These Christian leaders left their jobs, the income source that provided for their families, paid the mortgage put their kids through school and provided health care for the family. They didn’t do that easily or without understanding the backlash they would face.

  2. Hi Dwayne, Thanks for the thoughtful comments. I think you’re making a good point here re listening to why some are leaving and/or questioning the faith they’ve been raised in. As you imply, often this is a narrower group within the Christian faith that presents (intentionally or unintentionally) their set of doctrines as the fullness of truth; i.e., the only way to understand things. As I say in my audio talk, I’m both cautious and yet sort of glad that Sampson posted what he did on IG, since it does at least get us talking about some of the important issues he raises.

    The other side of this, however, has to do with wisdom when it comes to the timing and influence of a post like Sampson’s. As Asaph states in Ps 73:15 (paraphrase), it would have been unwise of someone in his position to vocalize publicly his disoriented state of mind at that moment, and so he kept things to himself. The lesson here, I think, is not to suppress things (after all, he eventually composed an entire Psalm outlining his doubts and frustration with God and the world), but he waited for a more appropriate time. It may be that we also need to process things within safe settings, where we know we’re allowed to express ourselves without having come to a place of final processed thoughts.

    So, I think Sampson was probably partly right and partly wrong in posting (and apparently so does he, since he took it down). As for Coopers, I also can understand why he’s frustrated. I’m not sure he said that he has all the truth about everything, but he does admittedly assume that there is such a thing as truth, or perhaps better put, reality. Reality is what exists, whereas truth is a quality of propositional belief statements. The doubts you raise concerning whether one can be totally correct about having access to the truth in the midst of the reality of a plurality of beliefs is an important one, but I’m not convinced that the reality of pluralism means that one cannot assume any grasp concerning what’s true with regard to reality. I do believe that human knowledge is always provisional; it can always be potentially corrected because humans do not have the capacity to have full knowledge of anything (only God does). But this human limitation doesn’t mean that some views are not more truthful than others, since we can identify errors in belief statements and thus grow in truth. Even the fact that you posted your view here assumes (I assume) that you are seeing things more truthfully than some others.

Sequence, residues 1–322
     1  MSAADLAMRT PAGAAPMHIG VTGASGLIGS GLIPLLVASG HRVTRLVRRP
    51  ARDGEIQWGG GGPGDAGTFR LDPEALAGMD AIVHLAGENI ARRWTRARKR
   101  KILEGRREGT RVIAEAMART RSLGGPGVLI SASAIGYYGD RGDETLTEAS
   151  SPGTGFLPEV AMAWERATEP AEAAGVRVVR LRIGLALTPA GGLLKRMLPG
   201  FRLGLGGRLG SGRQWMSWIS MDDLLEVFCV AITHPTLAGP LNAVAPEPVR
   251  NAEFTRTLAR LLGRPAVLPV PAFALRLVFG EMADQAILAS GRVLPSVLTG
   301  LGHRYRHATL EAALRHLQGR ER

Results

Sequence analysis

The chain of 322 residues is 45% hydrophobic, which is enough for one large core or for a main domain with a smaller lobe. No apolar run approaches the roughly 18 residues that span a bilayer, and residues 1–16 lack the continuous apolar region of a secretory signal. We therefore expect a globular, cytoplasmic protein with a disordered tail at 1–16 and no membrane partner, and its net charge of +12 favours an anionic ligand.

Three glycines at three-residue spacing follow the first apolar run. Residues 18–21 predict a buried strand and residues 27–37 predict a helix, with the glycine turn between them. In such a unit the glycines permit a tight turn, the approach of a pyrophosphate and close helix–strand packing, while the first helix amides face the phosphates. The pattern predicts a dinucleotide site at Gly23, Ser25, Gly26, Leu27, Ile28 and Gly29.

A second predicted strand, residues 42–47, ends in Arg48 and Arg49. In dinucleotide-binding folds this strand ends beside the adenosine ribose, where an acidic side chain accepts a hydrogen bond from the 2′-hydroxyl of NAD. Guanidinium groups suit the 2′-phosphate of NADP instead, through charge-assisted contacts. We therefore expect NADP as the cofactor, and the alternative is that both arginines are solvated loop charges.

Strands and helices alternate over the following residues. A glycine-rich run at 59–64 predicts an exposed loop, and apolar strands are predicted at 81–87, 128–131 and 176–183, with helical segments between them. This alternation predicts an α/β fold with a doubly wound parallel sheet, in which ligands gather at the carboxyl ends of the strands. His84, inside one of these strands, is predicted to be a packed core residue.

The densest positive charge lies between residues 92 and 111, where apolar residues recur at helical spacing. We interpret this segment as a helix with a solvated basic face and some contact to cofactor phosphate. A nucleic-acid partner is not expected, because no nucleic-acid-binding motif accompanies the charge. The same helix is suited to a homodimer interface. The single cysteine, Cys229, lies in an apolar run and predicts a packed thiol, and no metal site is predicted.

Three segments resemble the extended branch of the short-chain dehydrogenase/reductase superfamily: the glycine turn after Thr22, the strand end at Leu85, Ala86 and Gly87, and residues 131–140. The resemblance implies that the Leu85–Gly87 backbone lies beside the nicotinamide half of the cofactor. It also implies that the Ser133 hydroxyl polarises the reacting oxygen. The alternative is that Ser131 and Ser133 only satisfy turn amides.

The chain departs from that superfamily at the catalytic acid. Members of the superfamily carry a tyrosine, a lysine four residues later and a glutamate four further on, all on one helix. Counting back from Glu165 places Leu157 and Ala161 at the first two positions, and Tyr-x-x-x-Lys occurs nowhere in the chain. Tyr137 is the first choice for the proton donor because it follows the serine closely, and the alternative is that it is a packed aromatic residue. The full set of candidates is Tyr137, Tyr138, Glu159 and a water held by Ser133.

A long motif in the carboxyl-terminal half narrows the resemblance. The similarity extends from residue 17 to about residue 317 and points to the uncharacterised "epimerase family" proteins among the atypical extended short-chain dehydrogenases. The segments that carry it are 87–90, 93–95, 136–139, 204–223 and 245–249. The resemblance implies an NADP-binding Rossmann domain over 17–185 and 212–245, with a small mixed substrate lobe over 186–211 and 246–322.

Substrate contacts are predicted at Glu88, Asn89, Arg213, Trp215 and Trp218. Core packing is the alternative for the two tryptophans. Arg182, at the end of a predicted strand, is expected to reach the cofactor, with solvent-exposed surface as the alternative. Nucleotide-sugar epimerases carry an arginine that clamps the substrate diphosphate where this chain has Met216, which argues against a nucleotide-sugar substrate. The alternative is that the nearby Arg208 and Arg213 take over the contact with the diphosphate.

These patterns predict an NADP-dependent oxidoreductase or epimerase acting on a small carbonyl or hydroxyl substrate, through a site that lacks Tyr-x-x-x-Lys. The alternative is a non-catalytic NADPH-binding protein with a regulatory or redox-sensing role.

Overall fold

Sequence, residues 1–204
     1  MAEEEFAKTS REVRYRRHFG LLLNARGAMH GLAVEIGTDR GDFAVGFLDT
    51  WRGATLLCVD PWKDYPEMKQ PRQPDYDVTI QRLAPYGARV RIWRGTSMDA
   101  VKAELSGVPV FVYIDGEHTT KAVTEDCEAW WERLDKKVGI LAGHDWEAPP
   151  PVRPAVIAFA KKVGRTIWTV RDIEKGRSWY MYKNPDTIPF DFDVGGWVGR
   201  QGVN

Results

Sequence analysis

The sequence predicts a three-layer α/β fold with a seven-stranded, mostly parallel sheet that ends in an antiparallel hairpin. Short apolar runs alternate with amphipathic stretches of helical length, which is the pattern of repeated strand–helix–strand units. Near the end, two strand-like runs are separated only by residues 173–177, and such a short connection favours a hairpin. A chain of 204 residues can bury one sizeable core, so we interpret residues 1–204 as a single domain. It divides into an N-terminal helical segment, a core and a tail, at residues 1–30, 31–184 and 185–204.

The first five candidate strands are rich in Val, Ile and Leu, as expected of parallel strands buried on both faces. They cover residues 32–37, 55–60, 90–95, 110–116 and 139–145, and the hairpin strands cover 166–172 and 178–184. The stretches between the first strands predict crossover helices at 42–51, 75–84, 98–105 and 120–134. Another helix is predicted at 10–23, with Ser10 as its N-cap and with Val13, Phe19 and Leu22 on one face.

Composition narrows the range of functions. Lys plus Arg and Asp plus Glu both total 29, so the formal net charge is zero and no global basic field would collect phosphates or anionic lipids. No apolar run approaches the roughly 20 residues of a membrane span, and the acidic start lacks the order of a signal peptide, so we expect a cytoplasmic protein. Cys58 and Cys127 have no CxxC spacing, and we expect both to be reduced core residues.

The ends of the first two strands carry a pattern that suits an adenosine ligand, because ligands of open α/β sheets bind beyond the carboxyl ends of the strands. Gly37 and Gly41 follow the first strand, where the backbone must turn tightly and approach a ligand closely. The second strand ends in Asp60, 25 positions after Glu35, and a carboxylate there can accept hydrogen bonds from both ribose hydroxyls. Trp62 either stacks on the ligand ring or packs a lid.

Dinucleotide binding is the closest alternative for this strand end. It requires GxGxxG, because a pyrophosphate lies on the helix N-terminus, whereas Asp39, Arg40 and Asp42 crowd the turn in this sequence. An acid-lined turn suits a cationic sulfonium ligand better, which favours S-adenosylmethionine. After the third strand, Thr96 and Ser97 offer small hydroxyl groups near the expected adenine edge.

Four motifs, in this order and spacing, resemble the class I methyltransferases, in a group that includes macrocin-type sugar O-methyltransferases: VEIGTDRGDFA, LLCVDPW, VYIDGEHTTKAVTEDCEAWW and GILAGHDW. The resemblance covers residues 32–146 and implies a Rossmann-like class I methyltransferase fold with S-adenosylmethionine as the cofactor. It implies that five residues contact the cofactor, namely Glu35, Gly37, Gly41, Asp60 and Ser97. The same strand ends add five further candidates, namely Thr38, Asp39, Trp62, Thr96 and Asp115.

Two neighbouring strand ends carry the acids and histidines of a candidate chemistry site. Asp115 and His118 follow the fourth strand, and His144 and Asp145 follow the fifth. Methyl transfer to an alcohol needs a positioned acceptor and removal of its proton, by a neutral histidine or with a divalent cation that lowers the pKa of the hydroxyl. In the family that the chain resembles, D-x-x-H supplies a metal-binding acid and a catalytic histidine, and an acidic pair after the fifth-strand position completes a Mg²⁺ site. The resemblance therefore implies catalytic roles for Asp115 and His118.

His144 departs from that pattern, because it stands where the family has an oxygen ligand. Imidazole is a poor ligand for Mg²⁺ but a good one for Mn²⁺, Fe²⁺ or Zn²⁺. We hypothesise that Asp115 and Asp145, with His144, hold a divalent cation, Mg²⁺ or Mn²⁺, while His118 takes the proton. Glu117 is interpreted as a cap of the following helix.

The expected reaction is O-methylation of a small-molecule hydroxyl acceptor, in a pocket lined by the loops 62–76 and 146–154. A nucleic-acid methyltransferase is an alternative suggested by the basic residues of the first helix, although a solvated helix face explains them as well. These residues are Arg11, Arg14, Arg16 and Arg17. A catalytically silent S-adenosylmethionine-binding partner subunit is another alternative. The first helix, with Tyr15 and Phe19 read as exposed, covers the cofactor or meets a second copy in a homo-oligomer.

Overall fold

That said, I agree that we need to be charitable in the way we hear others, and especially pay attention to the fact that some are expressing their hurt and frustration with the church, and feeling unheard at times. I’ve experienced this in a number of ways as well. I’m trying to process how to wisely help bring awareness of and correction to the systems that have brought this type of injury.

    Thanks again for your important thoughts. Blessings!

    1. Thanks for your response Peter. I will listen to the audio teaching…sorry I haven’t yet. I’m sure I’ll get to hear more of your heart when I do.

      I don’t have much more to say other than we don’t know if Marty Sampson talked to his elders and church leaders before he posted what he did. For all we know he used his best judgment & wisdom with timing when he made his post. It’s best to give him the benefit of the doubt on that.
      I’m not reading into why he took down his post….I’m sure he has received a lot of flack for this. He’s probably looking after his own mental health and the well being of his family.

      Thanks for all you do Peter.
      Love & peace
      Dwayne

      1. Agreed. We don’t know the back story. My talk to our YAs was really just to help them when they feel disoriented. I’d already planned to speak on the topic before Marty’s post, but it was too good of an illustration to pass up. Ps 73 is about a worship leader who questions his faith. 😀

  3. Interesting topic and conversations here, Peter and Dwayne. Thanks for sharing your insights. Peter, your reference to Psalm 73 is very appropriate. I recently listened to a podcast with David Kinnaman from the Barna Group called Living in a Digital Babylon – https://churchleaders.com/podcast/357569-david-kinnaman-living-digital-babylon-need-know.html. It seeks to address (and provides some food for thought on) some of the tough questions of the Christian faith and the Church, especially as it relates to millennials.